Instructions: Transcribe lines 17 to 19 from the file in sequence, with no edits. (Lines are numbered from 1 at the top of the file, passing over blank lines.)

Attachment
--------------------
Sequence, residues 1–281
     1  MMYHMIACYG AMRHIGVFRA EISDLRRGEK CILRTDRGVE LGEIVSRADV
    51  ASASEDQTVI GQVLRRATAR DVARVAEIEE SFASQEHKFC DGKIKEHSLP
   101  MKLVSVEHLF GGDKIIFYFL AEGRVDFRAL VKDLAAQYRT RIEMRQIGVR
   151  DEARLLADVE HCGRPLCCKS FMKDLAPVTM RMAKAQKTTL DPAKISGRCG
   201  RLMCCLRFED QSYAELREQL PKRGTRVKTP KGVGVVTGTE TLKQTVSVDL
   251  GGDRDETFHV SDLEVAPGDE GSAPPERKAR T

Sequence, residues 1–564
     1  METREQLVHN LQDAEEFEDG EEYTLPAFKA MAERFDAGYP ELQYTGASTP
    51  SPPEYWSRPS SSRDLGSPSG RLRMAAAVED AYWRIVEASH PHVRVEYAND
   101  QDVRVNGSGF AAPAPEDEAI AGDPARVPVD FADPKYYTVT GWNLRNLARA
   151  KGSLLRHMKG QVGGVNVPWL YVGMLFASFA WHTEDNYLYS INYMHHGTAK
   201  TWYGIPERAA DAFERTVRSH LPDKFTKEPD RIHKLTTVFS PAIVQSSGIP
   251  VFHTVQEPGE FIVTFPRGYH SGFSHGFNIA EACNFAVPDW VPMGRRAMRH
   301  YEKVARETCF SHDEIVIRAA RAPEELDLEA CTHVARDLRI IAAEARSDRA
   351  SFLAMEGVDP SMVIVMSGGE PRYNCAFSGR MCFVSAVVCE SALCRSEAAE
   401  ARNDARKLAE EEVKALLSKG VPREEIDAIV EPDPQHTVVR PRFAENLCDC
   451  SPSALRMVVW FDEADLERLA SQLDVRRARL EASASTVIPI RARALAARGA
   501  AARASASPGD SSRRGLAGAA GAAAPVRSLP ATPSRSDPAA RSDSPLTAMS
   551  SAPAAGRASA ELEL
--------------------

   401  ARNDARKLAE EEVKALLSKG VPREEIDAIV EPDPQHTVVR PRFAENLCDC
   451  SPSALRMVVW FDEADLERLA SQLDVRRARL EASASTVIPI RARALAARGA
   501  AARASASPGD SSRRGLAGAA GAAAPVRSLP ATPSRSDPAA RSDSPLTAMS